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April 21, 2003 Issue

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  • Editorial

    The Doha Follies

    Of the more than 700 journalists who have registered with the CentCom Coalition Media Center here, two have emerged as celebrities.

    Michael Massing

  • Letter From Ground Zero

    A Vesuvius of violence has erupted from the dead center of American life, the executive branch of the government.

    Jonathan Schell

  • Passings

    In its tribute to Daniel Patrick Moynihan, who died on March 26, The Economist mentions that his office washroom displayed a framed cover of the September 22, 1979, issue of The Natio

    the Editors

  • TV’s Conflicted Experts

    Perhaps Americans can be excused for imagining that "regime change" in Iraq would be a cakewalk.

    Daniel Benaim, Priyanka Motaparthy and Vishesh Kumar

  • The Washington Wars

    By the start of the third week of war, Bush was bogged down in Mesopotamia and Washington.

    David Corn

  • Lawyers Keep Out

    Because September 11 "changed everything," it hasn't always been easy to find an objective yardstick by which to judge the Bush Administration's tactics in the "war on terrorism." But the Admin

    David Cole

  • Rumsfeld Should Go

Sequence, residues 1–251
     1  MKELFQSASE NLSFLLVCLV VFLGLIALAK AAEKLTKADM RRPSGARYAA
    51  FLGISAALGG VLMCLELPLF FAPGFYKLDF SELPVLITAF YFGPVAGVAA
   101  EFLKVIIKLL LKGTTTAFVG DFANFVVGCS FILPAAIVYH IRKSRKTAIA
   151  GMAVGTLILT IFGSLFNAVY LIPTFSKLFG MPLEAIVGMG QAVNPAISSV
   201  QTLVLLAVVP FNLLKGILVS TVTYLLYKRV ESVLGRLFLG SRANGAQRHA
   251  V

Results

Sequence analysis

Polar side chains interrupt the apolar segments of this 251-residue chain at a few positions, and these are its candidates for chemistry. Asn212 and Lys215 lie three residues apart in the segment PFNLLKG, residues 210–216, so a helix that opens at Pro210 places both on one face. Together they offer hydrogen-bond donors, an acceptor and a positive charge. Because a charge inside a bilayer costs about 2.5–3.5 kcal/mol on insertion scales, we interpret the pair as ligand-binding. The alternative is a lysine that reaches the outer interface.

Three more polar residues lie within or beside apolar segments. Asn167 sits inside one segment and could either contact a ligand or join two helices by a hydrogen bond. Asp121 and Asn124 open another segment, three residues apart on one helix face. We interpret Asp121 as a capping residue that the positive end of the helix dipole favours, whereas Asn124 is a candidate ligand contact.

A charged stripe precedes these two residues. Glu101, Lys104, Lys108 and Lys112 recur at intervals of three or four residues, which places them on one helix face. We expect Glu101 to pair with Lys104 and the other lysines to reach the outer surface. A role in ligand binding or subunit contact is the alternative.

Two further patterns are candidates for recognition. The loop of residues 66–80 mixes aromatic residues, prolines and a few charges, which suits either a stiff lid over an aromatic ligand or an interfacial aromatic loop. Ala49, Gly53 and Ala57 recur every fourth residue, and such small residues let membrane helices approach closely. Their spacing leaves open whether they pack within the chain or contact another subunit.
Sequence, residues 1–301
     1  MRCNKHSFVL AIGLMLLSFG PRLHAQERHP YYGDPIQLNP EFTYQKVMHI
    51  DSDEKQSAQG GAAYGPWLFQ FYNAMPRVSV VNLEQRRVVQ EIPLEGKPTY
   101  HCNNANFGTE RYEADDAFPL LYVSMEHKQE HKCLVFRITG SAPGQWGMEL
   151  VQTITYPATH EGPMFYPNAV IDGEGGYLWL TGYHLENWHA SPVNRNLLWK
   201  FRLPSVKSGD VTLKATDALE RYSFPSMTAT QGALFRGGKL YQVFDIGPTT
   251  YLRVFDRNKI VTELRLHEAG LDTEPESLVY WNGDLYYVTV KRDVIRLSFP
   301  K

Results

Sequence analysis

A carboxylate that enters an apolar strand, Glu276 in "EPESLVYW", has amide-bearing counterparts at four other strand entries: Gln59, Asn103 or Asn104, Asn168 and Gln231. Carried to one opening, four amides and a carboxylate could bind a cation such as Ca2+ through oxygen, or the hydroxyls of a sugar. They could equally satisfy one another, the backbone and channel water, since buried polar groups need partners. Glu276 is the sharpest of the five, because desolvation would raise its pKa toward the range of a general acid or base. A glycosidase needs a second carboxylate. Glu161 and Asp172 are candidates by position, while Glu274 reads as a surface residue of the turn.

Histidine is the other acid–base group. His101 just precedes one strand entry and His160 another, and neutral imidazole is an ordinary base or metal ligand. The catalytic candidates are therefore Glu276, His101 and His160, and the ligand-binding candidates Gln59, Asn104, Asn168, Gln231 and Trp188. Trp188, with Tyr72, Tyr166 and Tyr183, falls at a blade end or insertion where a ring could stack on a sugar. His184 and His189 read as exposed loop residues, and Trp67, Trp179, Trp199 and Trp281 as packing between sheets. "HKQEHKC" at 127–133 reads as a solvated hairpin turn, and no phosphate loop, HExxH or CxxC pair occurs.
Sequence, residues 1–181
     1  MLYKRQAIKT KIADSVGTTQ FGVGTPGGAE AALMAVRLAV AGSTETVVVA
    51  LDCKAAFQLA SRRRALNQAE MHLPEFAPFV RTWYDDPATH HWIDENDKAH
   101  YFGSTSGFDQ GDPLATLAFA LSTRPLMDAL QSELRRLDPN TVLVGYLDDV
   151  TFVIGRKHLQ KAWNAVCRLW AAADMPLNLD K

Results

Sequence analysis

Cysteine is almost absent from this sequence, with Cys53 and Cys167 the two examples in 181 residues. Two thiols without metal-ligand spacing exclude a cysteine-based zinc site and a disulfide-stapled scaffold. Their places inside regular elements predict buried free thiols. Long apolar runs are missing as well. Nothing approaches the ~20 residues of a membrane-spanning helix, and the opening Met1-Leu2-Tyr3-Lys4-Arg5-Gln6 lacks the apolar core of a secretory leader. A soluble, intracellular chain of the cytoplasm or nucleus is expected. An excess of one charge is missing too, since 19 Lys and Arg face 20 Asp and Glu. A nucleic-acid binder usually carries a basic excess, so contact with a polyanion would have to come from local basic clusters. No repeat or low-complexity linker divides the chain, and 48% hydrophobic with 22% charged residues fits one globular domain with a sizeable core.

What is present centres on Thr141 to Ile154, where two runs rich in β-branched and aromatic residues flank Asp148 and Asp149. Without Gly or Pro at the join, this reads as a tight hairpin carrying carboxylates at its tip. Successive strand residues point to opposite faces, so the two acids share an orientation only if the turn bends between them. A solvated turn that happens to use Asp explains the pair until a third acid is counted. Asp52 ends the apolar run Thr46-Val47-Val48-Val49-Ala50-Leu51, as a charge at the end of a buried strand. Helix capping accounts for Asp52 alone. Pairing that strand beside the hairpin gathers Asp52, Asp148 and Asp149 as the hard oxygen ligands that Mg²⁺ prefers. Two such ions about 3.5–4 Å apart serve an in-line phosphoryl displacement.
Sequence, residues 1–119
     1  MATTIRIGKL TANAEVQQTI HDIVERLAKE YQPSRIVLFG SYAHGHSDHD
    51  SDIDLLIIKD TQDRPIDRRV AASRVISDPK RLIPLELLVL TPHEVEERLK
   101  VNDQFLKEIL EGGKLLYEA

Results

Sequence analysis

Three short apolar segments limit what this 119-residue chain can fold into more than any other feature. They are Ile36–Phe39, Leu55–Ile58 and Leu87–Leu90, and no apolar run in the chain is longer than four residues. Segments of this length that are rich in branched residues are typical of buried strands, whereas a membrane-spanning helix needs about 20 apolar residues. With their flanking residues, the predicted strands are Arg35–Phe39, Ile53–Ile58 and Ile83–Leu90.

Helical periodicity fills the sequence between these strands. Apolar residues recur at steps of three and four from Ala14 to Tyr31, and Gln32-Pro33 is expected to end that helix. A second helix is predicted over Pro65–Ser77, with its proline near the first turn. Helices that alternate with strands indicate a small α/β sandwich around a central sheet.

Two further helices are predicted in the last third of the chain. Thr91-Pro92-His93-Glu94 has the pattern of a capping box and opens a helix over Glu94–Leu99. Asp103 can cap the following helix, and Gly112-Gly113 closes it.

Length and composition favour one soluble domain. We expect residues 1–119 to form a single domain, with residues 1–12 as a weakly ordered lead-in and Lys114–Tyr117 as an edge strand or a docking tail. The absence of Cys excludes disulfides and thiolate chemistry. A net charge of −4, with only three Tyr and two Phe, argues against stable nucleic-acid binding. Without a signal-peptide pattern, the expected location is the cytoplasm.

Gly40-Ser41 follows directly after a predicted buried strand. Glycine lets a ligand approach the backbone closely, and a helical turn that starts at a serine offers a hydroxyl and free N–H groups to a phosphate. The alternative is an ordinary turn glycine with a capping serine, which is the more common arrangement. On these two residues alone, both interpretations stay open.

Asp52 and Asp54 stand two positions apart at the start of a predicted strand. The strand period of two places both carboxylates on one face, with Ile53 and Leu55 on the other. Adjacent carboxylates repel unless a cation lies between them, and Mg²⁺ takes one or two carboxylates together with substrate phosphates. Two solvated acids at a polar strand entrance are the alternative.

This editorial was originally published in the April 21, 2003 issue of The Nation.

    the Editors
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  • Books & the Arts

    Hors de Combat

    She's the ultimate quick-change artist, with a style that can absorb any trend and an image to match. She's gone from material girl to S/M maitresse, from power diva to contented mother.

    Richard Goldstein

  • Death in Helsinki

    OK, let's say that life goes on.

    Stuart Klawans

  • Dangerous Liaisons

    He says he is not a fighter--or rather, the narrator says it; he's "an onlooker," someone who steps aside, "frail," "not the savior of the world," not a "prophet," speaking only to himself, liv

    Joseph McElroy

  • Bloomsburied in China

    A divide exists between Chinese literature and movies written, produced, read or viewed in the West, and those written and produced in mainlaind China.

    Patricia Laurence

  • Diversity and Its Malcontents

    David L. Kirp has chronicled the Mount Laurel, New Jersey, history in Almost Home: America's Love-Hate Relationship with Community (Princeton).

    David L. Kirp

  • Letter From Ground Zero

    A Vesuvius of violence has erupted from the dead center of American life, the executive branch of the government.

    Jonathan Schell
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